I woke early to grey skies and with our bus still beyond the outskirts of Hanoi. By the time we’d reached the city proper, everyone was well and truly awake and trying to stretch a few kinks out of the body by what can only be described as a pretty rough sleep (my bus bed had a big hole of foam missing from its cushion).
Taking a bit of initiative, I thought I’d open the cargo hold of the bus and start retrieving our bags, but before I could even begin to search for our belongings, out fell a swarm of crabs! In true Vietnamese form, somebody had brought a cargo of live crabs along for the ride and they’d gotten loose somewhere along the way.
Thankfully for us, they don’t appear to have made it to our bags, although the owner will have lost a few that got away when the hold was opened!
Fending off a few overzealous taxi drivers whilst we gathered our thoughts, we decided to share a cab into the old quarter with Meagan and Steve. The backpackers hub of Hanoi, we’d figured it would give us the best chance to try and book ourselves a trip to Halong Bay that very same day.
We said our goodbyes to Meagan and Steve and set ourselves the tasking of getting to Halong Bay that same day. It was to prove a difficult task. With the hour still so early, very little was open, and despite scouring several streets, the only place that was open and able to get us on our way was the Hanoi City Backpackers.
Despite us being elder statesman on this trip that was full of mainly young guys and girls, we thought we could suck it up. How bad could it be, really?
Yet another one of Vietnam’s many UNESCO world heritage sites, this beautiful bay surrounded by towering karst mountains and islets (around 2000 of them) is one of the countries biggest tourist drawcards.
Ours was an overnight trip which would be spent on the water. The day remained overcast, so we weren’t able to see it in sun-drenched glory, but it was nevertheless spectacular.
When we eventually dropped anchor, it was time for a swim where a few of the brave took leaps from the upper deck of the boat. I on the other hand, was more than content to jump in just above the waterline. Whilst it felt nice and refreshing, the water quality is very questionable as the amount of human and boat traffic certainly leave plenty of signs of their passage.
From there we hit the kayaks which wouldn’t come without some drama. With a couple of cold ones nursed between my legs for the possibly long paddle to come, we set off, our destination a natural cave on one of the islets, before finishing up at a floating fishing village.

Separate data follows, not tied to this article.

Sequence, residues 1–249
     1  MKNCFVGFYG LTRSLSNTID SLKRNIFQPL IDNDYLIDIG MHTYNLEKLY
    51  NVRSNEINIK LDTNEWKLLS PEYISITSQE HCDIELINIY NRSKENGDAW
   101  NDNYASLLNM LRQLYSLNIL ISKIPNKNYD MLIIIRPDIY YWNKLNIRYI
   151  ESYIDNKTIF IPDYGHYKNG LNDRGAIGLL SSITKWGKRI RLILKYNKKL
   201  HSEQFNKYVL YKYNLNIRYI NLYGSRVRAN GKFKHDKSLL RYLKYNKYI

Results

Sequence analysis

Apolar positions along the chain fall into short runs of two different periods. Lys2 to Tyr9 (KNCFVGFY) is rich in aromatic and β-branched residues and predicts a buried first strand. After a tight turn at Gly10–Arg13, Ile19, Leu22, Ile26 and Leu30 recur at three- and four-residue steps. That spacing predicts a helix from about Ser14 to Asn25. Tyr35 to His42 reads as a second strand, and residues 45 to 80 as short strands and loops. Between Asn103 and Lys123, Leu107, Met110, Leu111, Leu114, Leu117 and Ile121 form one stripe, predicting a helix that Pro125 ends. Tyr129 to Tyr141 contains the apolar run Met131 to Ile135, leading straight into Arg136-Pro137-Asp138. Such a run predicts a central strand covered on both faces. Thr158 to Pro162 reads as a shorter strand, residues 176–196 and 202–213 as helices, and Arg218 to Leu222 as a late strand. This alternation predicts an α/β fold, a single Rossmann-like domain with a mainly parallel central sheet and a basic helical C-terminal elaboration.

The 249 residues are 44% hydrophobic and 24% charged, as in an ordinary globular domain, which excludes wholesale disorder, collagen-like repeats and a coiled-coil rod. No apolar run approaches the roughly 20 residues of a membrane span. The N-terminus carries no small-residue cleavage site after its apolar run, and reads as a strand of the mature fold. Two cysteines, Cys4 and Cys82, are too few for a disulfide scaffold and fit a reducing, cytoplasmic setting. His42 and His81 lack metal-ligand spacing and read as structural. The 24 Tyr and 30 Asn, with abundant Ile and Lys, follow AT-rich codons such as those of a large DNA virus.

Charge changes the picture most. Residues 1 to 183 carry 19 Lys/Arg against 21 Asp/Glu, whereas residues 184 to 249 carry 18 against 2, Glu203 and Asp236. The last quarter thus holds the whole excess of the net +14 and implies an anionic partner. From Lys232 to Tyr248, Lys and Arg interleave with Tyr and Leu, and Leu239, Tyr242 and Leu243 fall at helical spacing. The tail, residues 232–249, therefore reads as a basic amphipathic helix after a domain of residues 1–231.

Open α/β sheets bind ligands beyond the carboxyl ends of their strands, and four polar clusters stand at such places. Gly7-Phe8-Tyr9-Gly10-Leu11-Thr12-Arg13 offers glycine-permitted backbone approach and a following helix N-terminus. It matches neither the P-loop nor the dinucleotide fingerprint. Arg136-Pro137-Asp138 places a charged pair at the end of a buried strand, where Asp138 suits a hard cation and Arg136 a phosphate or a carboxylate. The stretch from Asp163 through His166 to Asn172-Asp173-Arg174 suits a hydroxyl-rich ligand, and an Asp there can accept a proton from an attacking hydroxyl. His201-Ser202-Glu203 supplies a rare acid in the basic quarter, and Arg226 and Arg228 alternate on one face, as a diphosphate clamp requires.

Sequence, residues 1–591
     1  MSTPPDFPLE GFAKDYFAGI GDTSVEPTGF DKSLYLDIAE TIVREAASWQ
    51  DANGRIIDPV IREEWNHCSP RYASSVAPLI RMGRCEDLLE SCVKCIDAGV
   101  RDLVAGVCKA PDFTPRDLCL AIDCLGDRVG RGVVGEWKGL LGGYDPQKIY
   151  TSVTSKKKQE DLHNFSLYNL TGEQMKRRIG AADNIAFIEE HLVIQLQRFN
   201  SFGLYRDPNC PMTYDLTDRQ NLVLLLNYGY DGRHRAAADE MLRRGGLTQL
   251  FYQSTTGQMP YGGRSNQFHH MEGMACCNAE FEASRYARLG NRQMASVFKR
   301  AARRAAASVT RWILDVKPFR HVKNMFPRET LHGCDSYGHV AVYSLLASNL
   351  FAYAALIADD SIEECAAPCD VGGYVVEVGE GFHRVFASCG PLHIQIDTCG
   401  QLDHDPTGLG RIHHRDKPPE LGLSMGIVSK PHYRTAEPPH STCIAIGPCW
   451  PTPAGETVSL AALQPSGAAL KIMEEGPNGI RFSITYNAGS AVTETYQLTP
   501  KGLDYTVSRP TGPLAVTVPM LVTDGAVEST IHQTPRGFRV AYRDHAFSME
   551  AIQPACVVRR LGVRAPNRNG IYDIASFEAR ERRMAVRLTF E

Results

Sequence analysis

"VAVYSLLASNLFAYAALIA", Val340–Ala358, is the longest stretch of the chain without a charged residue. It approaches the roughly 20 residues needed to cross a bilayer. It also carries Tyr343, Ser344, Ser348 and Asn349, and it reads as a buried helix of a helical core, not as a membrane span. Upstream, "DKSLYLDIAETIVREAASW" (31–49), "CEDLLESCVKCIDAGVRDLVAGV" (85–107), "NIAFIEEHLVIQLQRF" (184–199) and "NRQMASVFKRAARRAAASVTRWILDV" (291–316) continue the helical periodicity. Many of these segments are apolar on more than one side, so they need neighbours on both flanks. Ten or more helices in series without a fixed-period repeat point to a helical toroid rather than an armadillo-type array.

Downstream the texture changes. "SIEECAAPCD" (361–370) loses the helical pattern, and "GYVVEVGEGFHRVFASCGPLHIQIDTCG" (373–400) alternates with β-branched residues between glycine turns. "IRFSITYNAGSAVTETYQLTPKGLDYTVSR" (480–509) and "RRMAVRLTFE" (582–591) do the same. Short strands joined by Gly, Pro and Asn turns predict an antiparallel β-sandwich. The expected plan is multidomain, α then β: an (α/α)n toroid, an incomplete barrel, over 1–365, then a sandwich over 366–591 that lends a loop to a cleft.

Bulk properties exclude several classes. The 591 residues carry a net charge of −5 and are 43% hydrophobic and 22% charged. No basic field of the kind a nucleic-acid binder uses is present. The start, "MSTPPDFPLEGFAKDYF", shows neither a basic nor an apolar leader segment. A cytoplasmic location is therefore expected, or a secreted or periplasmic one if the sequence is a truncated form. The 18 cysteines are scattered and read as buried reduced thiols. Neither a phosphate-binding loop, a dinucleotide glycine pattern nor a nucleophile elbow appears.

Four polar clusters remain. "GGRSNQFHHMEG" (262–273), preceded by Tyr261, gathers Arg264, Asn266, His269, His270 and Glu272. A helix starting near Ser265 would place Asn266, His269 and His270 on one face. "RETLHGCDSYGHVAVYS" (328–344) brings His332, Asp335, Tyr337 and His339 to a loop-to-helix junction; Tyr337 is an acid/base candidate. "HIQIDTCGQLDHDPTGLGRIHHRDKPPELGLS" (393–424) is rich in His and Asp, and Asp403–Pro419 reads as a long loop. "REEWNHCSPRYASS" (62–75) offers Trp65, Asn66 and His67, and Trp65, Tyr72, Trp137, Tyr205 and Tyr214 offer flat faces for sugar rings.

A quick kayak count after we’d finished our exploration of the cave (by this time it was well into the evening and the sky was darkening) revealed that one was missing. Well to be precise, both the kayak and its occupants was missing.
What you’d think would be met with some serious concern, but for a token paddle around a recently passed corner of the bay, very little effort was placed on finding them. After a beer at the floating village, we were returned to our boat where fortunately the missing kayak was revealed, along with its occupants who had given up early in the paddle and returned to the mother vessel.
After what was a surprisingly tasty and voluminous meal, the backpacker side of the trip kicked in, and 2 groups were selected for round after round of drinking games.
Sarah quickly opted out, but I had a crack at keeping up with these young charges for a little (well, a lot) longer and the only conclusion that can be reached is that by the time I crawled in to bed, I was well and truly plastered!
Waking the next morning (well, the same morning) it was still overcast, but there was also a lot of mist which added a bit more a mystical feel to our surrounds. Not that I would really notice, the reality was, I was very likely still drunk. Joining Sarah on the top deck after I’d showered, I did however I’d assured her that I’d packed up all of our belongings from our room.
Sadly there is little else to tell of our visit to Halong Bay. The Hanoi Backpacker’s trip essentially neglects you if you’re not sticking around for a 2nd night, with nothing organised for those returning to Hanoi, but the bus.
We did get plenty of time to chat with a couple of Welsh guys on a travel odyssey of their own, Jason and Peter. If you ever get to Melbourne we said, feel free to look us up.
Back in Hanoi where we had a night before our train to Sapa the following evening we were getting ready for bed when Sarah asked “Where are the toothbrushes and toothpaste?”
It turns out I hadn’t packed everything back on the boat…